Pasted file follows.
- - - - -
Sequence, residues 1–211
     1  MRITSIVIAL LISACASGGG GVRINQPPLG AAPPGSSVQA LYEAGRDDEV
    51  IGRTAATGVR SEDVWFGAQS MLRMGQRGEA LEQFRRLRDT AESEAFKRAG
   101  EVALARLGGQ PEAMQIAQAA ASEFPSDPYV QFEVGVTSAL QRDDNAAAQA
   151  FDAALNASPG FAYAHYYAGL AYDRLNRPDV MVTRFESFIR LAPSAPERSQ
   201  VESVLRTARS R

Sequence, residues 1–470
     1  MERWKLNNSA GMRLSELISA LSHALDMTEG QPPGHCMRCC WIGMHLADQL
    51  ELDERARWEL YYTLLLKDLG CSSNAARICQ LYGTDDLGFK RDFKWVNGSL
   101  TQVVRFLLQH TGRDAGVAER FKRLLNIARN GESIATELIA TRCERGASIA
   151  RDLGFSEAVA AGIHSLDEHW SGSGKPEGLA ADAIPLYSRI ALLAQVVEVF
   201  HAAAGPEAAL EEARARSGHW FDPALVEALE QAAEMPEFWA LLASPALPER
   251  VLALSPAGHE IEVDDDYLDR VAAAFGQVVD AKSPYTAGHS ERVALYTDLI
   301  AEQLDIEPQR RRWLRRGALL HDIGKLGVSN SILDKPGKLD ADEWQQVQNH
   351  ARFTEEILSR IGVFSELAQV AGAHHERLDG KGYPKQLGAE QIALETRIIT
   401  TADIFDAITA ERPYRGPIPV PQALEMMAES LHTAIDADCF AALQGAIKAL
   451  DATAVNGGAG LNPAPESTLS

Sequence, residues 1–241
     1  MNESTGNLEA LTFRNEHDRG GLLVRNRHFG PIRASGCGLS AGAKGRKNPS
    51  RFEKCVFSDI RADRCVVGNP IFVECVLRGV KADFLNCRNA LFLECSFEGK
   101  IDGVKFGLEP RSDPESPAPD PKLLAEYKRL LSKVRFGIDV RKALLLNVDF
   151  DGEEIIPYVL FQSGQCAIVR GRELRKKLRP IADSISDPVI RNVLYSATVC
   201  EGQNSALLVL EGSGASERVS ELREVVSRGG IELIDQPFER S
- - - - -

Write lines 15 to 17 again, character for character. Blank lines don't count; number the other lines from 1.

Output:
   351  ARFTEEILSR IGVFSELAQV AGAHHERLDG KGYPKQLGAE QIALETRIIT
   401  TADIFDAITA ERPYRGPIPV PQALEMMAES LHTAIDADCF AALQGAIKAL
   451  DATAVNGGAG LNPAPESTLS